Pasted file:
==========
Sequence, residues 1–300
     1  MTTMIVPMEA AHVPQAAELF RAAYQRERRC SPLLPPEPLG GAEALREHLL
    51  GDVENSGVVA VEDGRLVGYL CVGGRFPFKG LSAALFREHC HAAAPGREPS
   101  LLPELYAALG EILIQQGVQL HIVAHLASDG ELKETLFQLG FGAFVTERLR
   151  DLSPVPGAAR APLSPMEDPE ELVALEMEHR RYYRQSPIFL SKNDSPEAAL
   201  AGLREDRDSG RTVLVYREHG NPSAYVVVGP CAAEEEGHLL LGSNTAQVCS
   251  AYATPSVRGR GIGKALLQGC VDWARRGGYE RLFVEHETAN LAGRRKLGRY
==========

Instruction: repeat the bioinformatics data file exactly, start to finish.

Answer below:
Sequence, residues 1–300
     1  MTTMIVPMEA AHVPQAAELF RAAYQRERRC SPLLPPEPLG GAEALREHLL
    51  GDVENSGVVA VEDGRLVGYL CVGGRFPFKG LSAALFREHC HAAAPGREPS
   101  LLPELYAALG EILIQQGVQL HIVAHLASDG ELKETLFQLG FGAFVTERLR
   151  DLSPVPGAAR APLSPMEDPE ELVALEMEHR RYYRQSPIFL SKNDSPEAAL
   201  AGLREDRDSG RTVLVYREHG NPSAYVVVGP CAAEEEGHLL LGSNTAQVCS
   251  AYATPSVRGR GIGKALLQGC VDWARRGGYE RLFVEHETAN LAGRRKLGRY